We all have values, or beliefs that are important to us. However, this doesn’t always mean that we act in ways consistent with our values. Think of someone who values Health, but hasn’t been to the gym for a while. Or perhaps a person values Friendship, yet hasn’t made time for his/her friends recently.
Once we have identified value-inconsistent behavior, we then have to think about what this means. Essentially this choice boils down to whether or not we want to do anything about the behavior.
If the inconsistent behavior causes low to no discomfort, then it might not be something that you need to change. In fact, maybe it just better reflects that another value is actually a more accurate priority.
Using one of the examples above, maybe the person who thinks they value Friendship realizes that Leisure or Solitude is actually a more accurate value. If this is the case, there’s nothing saying that a person HAS to prioritize spending time with friends.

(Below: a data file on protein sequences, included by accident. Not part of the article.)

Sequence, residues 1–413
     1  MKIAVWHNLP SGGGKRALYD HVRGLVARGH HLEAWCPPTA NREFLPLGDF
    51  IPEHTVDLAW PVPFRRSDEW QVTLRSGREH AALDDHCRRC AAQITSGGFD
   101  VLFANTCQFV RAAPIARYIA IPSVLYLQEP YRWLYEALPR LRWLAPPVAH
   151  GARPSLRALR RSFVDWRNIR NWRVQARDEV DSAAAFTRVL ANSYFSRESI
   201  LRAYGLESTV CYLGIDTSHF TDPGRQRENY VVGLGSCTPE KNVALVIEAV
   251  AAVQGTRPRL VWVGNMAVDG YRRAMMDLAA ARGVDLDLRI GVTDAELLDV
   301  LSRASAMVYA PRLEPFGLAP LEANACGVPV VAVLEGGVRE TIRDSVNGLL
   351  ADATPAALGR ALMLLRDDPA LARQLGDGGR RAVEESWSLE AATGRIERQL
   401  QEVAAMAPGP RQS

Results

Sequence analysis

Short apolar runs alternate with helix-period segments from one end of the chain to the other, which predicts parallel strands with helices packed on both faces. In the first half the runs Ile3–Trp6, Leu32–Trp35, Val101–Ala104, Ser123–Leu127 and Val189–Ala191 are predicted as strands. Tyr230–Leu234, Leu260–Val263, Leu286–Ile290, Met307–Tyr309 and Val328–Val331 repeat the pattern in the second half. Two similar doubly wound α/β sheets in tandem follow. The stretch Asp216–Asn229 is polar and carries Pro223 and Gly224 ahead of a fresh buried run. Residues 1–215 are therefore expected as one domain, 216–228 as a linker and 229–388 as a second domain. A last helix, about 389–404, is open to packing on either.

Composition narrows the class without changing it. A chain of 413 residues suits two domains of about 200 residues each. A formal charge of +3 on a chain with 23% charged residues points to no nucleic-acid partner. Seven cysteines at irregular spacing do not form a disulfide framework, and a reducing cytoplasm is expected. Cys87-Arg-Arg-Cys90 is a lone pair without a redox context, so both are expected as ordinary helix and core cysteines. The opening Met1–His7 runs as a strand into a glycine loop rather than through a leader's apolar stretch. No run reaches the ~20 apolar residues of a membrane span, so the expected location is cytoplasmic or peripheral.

On the other hand, if you do have a moderate or high amount of discomfort with the discrepancy between your values and behavior, then maybe this is a behavior you want to change.
Using the first example of valuing Health but not going to the gym, maybe this person might consider renewing their gym membership and going for a brief workout sometime in the next week. Remember, just because you decide to make a change, doesn’t mean you have to go from 0 to 100 – make sure your plan is realistic and achievable.
Every person’s situation is different and the action step they will take next will depend on many different factors. This is why completing the Goal Setting worksheets can be helpful, as they are meant to guide a person to make those next steps.
Click the image above or the link below for a free pdf copy of the Value Worksheet 4.